Another concept I am very fond of is Christopher Alexander’s idea of a “Zen View” from his book A Pattern Language: Towns, Buildings, Construction. In this topic, he describes a wall built by a monk to hide a beautiful mountain vista, making it only visible from a certain spot at a certain angle through a small slit window. The thought behind this is that the view is wasted if you have immediate access to it at all times, and that it becomes more rewarding when you get small experiences of it. Salen and Zimmerman would refer to this as denial; keeping a reward from a player but letting them know it exists. Such techniques can help give players a preview of either long or short-term goals in game levels,but deny them direct access and instead require them to traverse the territories where the creatures with nasty-big-pointy teeth live.
While this sounds like it SHOULD be common sense, there are many examples of levels that are frustrating for one or more design issues. One of my favorite examples to cite is the Library level from the original Halo: Combat Evolved. Many players describe it as one of the most frustrating levels in the series. While the Flood gets much of the blame for this, the level space itself is a giant open area with little to no safe zones from enemies. Making it through some of the prospect-like area is often done largely through sheer luck, with the only reward being access to an almost identical floor elsewhere in the complex. “Pancaking” floors are relatively common through many games (but a characteristic of bad architecture), and while good level design is sometimes not a concern for the team designing certain games (the Halo team refined FPS controls after all), frustrating gamespaces can even turn playing an amazing game into a labor.
"How not to design a level"
I felt this way about the recent Final Fantasy XIII, when endlessly linear tunnels replaced the beloved sweeping landscapes of my childhood. I realize, of course, that JRPG’s have always been linear, but it was that world map that really created the illusion of non-linear exploration for most players. Likewise, the player could geographically track their progress through the game: were they in Midgar or Wutai? Were they capable of only crossing rivers in the buggy or could they fly anywhere on the Highwind? I used to know these things. I have no idea where Lake Bresha is in relation to Palumpolum, and cannot revisit either one if I wished.
Even outdoor areas in games can benefit from architectural thought. I often find myself telling students that despite their natural appearance, their world maps and outdoor levels are still spaces with aspects that have to be properly tuned and craftedby a designer for the best experience possible. Chaim Gingold, noted for his work on Spore, based parts of his dissertation, “Miniature Gardens and Magic Crayons: Games, Spaces, and Worlds”, (yet another work that all level designers should read) heavily on David Slawson’s Secret Teachings in the Art of Japanese Gardens: Design Principles, Aesthetic Values, and likens the knowledge from the book with the design aesthetics of many of Shigeru Miyamoto’s worlds. As I stated before, some of these aesthetics; such as giving new occupants an initial preview of a space; are prevalent in the works of architect I.M. Pei, such as in the Rock n’ Roll Hall of Fame in Cleveland, Ohio.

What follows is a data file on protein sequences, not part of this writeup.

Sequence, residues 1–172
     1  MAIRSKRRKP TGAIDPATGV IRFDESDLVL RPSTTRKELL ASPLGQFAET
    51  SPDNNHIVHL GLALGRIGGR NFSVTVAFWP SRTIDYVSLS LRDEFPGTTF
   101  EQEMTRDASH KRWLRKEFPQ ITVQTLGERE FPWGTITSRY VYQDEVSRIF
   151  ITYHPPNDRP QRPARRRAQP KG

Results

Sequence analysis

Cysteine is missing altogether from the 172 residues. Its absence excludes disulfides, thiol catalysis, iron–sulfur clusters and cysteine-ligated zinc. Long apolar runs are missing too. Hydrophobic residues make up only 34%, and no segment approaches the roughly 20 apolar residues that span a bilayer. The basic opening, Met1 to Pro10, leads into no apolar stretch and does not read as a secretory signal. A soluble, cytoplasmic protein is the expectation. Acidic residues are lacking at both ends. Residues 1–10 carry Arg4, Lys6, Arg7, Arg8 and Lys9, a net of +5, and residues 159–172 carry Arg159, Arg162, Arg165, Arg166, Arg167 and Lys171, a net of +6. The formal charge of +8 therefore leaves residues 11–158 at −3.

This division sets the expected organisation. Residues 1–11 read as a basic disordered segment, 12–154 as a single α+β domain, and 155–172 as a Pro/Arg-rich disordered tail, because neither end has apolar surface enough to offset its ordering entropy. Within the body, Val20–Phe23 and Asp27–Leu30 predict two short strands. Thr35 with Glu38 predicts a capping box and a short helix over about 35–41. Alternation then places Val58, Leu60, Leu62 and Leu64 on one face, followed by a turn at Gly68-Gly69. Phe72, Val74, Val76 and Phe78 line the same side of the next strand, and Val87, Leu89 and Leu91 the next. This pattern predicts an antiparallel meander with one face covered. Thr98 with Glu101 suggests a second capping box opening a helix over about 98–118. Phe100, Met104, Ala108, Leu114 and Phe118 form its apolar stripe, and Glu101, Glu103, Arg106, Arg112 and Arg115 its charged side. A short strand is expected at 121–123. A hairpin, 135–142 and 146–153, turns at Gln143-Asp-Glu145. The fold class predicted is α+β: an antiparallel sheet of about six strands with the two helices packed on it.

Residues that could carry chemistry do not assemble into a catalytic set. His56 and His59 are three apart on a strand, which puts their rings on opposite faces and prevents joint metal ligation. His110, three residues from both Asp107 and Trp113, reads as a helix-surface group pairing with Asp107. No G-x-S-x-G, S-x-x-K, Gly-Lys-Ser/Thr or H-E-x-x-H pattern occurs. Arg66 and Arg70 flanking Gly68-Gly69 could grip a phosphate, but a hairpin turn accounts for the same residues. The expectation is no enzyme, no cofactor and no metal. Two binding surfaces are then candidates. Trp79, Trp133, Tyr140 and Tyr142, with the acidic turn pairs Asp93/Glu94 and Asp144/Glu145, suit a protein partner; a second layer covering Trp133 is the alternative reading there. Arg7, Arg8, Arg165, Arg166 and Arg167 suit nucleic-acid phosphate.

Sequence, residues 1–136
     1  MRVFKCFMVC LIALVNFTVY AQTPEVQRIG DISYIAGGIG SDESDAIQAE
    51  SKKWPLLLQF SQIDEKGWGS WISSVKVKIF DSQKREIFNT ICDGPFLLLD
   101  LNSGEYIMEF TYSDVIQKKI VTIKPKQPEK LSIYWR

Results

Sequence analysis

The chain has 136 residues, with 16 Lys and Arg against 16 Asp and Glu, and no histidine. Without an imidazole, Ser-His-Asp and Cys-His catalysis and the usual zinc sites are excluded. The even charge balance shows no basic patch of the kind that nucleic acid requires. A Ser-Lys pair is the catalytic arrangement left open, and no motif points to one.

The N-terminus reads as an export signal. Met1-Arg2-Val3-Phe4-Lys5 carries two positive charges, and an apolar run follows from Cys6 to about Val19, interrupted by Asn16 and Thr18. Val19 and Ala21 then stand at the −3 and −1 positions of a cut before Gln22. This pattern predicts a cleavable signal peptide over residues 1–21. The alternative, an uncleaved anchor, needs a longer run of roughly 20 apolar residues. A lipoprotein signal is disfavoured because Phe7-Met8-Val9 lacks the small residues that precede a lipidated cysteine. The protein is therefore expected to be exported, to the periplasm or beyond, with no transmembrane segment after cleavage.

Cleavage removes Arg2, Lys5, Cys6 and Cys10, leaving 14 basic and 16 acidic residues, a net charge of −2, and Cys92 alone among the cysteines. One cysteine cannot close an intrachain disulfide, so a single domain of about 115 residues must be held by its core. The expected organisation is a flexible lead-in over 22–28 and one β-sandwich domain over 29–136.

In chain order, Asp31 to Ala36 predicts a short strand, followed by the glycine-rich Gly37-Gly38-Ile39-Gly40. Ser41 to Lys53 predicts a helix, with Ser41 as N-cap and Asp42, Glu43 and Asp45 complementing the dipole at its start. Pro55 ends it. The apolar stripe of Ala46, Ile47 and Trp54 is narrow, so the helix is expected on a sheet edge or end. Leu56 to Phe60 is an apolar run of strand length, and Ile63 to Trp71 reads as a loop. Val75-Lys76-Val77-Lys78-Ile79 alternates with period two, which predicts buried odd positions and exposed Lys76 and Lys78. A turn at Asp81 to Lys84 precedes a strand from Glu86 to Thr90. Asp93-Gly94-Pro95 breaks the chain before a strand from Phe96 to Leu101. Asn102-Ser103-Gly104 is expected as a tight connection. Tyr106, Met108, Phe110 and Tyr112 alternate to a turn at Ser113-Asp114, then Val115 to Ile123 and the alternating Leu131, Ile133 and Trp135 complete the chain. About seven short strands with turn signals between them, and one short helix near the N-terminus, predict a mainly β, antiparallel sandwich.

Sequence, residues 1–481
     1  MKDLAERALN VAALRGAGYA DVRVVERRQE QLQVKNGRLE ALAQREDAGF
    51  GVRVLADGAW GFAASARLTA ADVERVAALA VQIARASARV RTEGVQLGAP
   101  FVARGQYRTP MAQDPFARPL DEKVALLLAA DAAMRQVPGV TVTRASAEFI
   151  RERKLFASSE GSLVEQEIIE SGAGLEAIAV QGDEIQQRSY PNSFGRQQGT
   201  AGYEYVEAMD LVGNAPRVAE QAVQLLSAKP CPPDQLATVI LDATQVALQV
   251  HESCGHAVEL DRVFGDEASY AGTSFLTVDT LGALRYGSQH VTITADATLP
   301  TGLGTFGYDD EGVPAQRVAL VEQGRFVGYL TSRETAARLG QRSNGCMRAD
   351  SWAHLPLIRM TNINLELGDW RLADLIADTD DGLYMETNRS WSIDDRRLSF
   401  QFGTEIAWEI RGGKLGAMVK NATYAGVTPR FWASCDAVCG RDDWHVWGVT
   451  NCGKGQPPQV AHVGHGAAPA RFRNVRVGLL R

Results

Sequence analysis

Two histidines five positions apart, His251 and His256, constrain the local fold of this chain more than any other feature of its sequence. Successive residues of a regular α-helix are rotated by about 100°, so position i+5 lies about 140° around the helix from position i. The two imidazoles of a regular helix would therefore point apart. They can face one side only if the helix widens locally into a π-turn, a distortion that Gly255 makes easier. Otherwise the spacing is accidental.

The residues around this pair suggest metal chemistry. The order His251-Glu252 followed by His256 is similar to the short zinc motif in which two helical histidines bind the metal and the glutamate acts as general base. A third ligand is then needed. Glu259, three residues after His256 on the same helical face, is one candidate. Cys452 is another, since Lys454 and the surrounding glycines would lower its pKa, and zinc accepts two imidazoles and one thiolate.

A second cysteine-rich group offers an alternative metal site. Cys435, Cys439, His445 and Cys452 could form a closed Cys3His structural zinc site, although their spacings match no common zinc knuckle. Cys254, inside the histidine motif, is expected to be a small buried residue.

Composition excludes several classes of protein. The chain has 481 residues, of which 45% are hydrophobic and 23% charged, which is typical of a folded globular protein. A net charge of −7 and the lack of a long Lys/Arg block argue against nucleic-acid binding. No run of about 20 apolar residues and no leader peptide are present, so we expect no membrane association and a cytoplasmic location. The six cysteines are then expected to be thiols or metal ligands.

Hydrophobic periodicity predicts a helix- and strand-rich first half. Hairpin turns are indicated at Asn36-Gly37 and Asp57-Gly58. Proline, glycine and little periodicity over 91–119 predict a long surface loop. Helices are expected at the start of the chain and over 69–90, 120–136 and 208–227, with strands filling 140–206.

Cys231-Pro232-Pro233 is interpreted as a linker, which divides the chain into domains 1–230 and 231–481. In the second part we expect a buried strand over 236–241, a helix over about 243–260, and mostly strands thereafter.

I.M. Pei provides enticing previews in many of his buildings
Recently, I have been experimenting with the Unity engine for an upcoming game project I am creating with several students. To prepare for the project, I have been following the book Unity Game Development Essentials by Will Goldstone; which teaches the engine by having students create and island then populate it with mini-games. I followed the directions for the island from the book, then realized that much of the action occurred in the central area, where there was a hut for the player to occupy, and that the rest of the island was largely wasted. I referred to some of the Chaim Gingold and David Slawson concepts to save my island. To make things more interesting, I modified the game’s first task; finding 4 batteries to open the hut’s electronic door; to require the player to search the entire island for the batteries, rather than lay them out around the hut like the book suggested. Adding to the “tour” aspect, I placed one of the batteries on a high hill that let the player see the whole island. Basic? Of course. Extraneous for an engine tutorial? You bet! But I thought that giving a tour of the island to new players during their first task would not only introduce them to my level, it would make it more fun.
This post merely scratches the surface of ways that paying attention to real architecture can help educate game developers to pay better attention to the experience of their own digital worlds. It would be, however, outside the scope of this blog to go into everything. This is a topic that I believe has many varied and interesting facets and I hope it is a topic of further reading for those reading this post, and possibly more writing on my own part. What can the principles of Wright, Pei, Corbu, Kahn, and many many others teach us about making great video game levels? Understanding of such ideas can only make great level design appear more often in games and populate the gaming frontier with more masterworks of digital architecture.